THE LONG GAME
No more love on the run
There’s a strange misperception of success in this digital medium — somehow, we’re supposed to start out and grow and grow and grow our sites until we have a powerhouse audience in the millions every month. And then we have book deals and magazines and we’re all Rachael Ray and we just get bigger and bigger and bigger.
But if we look at the jobs in other creative industries like musicians or actors, we’ll find that the successes are more cyclical maybe even hit or miss over time. That perception of fame is separate from creating your best work.
People fall in and out of favor with a fickle public.
That’s okay. We’re fickle too.
Fame is separate from getting paid,
Fame is separate from personal satisfaction in the work.
A lifetime of creative success, where you invest time in learning more about your craft as well as sharing what you’ve learned, is the path for a great majority of us.
And that’s okay!
Since we’re exploring a new medium for the first time, it’s easy to feel confused and unsure.
Strangely enough, in digital media, we assume that popularity should grow steadily over time, but we have no evidence in any kind of related arts business that would prove this — it’s cyclical, it’s random.
Music, movies, they have hits, they have misses, but best of all, their creators have artistic growth over time. They’re stretching and growing their work.
This digital culture is mad wonky. We accidentally believe that creating is about ego when in fact the opposite is true.
It’s not about ego and fame.
It’s about the opposite. It’s about humility and sacrifice.
It’s about appetite.
It’s about your audience.
It’s about doing work that challenges us each and every day.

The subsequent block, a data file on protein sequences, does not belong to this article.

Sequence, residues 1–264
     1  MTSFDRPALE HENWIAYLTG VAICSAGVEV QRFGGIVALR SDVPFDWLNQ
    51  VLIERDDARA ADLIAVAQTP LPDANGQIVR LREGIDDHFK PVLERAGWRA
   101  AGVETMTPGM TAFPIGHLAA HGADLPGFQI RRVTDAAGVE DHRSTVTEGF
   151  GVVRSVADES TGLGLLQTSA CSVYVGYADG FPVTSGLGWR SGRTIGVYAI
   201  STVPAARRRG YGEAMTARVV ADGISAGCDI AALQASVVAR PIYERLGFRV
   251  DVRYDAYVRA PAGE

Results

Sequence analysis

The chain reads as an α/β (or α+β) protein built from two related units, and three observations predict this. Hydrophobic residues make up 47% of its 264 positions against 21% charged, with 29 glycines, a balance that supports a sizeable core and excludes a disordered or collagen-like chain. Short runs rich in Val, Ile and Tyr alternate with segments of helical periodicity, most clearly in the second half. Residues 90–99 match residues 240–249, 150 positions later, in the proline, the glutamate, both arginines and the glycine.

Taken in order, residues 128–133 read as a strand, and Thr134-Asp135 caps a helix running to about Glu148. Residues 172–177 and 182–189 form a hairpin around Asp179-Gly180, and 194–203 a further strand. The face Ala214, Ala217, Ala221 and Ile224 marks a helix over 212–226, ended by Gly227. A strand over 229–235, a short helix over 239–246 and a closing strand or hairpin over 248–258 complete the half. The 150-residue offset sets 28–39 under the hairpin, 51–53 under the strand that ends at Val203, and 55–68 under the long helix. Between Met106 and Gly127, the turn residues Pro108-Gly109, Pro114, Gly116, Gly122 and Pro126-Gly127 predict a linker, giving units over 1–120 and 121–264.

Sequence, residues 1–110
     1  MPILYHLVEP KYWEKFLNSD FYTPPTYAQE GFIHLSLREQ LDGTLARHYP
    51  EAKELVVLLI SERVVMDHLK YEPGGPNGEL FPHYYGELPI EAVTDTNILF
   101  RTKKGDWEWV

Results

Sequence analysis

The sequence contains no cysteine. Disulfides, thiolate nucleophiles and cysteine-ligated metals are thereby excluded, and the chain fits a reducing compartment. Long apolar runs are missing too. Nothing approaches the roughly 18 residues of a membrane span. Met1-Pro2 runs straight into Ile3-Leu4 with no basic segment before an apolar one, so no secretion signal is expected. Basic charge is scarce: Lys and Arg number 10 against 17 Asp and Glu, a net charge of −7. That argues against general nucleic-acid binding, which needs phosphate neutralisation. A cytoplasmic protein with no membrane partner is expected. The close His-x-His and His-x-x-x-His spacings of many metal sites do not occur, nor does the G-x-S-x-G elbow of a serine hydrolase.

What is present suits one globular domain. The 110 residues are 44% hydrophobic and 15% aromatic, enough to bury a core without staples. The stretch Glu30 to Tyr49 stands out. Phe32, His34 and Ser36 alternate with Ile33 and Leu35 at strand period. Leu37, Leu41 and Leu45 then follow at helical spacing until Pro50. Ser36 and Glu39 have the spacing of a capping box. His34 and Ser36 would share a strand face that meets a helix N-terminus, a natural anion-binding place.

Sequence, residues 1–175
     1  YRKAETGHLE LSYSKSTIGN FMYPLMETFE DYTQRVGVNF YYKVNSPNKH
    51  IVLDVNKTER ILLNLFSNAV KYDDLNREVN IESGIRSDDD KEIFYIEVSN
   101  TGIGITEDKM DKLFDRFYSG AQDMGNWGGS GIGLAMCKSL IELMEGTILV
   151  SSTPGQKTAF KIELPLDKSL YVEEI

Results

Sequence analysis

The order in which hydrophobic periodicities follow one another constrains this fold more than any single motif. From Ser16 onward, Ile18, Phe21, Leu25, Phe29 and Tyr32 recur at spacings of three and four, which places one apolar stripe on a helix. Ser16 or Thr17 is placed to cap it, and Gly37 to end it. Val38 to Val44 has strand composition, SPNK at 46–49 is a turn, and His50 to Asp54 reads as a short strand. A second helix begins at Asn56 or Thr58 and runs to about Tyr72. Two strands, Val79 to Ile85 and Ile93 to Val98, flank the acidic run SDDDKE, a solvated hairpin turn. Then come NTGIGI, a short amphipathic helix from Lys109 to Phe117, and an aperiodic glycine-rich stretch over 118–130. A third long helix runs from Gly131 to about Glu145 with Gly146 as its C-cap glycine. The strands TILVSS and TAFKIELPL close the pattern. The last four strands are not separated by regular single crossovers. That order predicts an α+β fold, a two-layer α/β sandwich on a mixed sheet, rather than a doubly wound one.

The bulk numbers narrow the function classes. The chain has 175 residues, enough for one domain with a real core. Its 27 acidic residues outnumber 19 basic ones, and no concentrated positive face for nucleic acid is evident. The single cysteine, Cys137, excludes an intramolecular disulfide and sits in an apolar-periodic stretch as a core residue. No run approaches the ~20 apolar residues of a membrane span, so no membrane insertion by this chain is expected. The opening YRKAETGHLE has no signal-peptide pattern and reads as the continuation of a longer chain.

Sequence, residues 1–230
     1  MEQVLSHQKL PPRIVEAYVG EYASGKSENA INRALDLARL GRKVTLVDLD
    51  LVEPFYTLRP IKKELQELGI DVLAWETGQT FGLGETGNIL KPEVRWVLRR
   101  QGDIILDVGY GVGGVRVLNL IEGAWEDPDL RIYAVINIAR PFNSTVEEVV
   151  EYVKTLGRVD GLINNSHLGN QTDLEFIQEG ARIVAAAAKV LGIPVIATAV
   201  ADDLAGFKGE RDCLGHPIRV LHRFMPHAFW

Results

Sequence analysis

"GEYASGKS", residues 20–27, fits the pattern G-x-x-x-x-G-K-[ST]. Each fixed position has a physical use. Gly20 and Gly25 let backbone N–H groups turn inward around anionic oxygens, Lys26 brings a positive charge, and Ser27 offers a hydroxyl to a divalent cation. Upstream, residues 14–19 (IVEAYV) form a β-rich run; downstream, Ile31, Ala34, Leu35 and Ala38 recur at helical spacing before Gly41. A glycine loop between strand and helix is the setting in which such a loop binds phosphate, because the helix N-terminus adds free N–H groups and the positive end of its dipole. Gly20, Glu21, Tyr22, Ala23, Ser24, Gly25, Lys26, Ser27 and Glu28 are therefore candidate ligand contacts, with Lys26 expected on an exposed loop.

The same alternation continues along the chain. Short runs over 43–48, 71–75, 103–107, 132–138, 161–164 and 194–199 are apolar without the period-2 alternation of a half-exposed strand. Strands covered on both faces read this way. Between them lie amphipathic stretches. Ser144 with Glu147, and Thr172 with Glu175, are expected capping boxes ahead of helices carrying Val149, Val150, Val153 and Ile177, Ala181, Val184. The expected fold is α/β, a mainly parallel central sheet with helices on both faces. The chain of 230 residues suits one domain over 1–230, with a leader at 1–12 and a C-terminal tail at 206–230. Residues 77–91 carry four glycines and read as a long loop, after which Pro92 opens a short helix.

It’s about taking the time to check in with ourselves to remember the big message we’re trying to get across.
It feels even more ego driven as we work in isolation behind our lighted boxes. IT FEELS LIKE IT IS ALL ON US TO BE ALL ABOUT US.
And you all know, the best way to get out of our heads is to help other people. And your experience is such that there is someone you can help, generously.
Did you know that Billy Ocean teaches at the Tech Music Schools in London regularly holding seminars and clinics? How are you teaching the skills you’ve developed, working on this new medium forward?
Having another job helps too.
As Billy Ocean said, “I’m a qualified tailor, and the reason for that is my mother. She knew I loved music – I’d sing with her when she was ironing in the evening – and academically I wasn’t very bright. So when I left school with no qualifications, she said I must take a course in something to fall back on.”
There are a lot of bloggers in the world.
And a day job can help take the pressure off of you having to sell your story.
Billy Ocean’s 1989 Greatest Hits collection sold steadily over the past 34 years. His Greatest Hits was his biggest commercial success so far.
He’s still creating work, he even went on tour with his daughter Cherie as a backup singer last week.
What does your greatest hits look like? Do you want to sell it now? Or in 34 years? How can you continue to add to your greatest hits? How can you make sure your greatest hits really IS your greatest hits?